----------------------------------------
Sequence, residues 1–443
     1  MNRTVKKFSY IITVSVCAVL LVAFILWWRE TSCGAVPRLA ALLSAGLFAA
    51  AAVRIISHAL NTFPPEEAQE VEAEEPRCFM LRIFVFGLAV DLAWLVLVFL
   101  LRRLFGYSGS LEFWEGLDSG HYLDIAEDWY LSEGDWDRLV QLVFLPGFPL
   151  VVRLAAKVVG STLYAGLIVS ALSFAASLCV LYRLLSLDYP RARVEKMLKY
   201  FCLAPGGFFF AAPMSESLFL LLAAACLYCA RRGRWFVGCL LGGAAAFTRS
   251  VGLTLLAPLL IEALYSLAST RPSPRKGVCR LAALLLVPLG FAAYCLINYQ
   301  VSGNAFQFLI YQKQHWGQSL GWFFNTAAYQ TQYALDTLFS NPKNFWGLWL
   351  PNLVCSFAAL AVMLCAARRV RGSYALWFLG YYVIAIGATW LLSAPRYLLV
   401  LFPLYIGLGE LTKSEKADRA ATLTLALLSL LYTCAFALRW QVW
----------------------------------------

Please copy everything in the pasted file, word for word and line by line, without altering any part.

Sequence, residues 1–443
     1  MNRTVKKFSY IITVSVCAVL LVAFILWWRE TSCGAVPRLA ALLSAGLFAA
    51  AAVRIISHAL NTFPPEEAQE VEAEEPRCFM LRIFVFGLAV DLAWLVLVFL
   101  LRRLFGYSGS LEFWEGLDSG HYLDIAEDWY LSEGDWDRLV QLVFLPGFPL
   151  VVRLAAKVVG STLYAGLIVS ALSFAASLCV LYRLLSLDYP RARVEKMLKY
   201  FCLAPGGFFF AAPMSESLFL LLAAACLYCA RRGRWFVGCL LGGAAAFTRS
   251  VGLTLLAPLL IEALYSLAST RPSPRKGVCR LAALLLVPLG FAAYCLINYQ
   301  VSGNAFQFLI YQKQHWGQSL GWFFNTAAYQ TQYALDTLFS NPKNFWGLWL
   351  PNLVCSFAAL AVMLCAARRV RGSYALWFLG YYVIAIGATW LLSAPRYLLV
   401  LFPLYIGLGE LTKSEKADRA ATLTLALLSL LYTCAFALRW QVW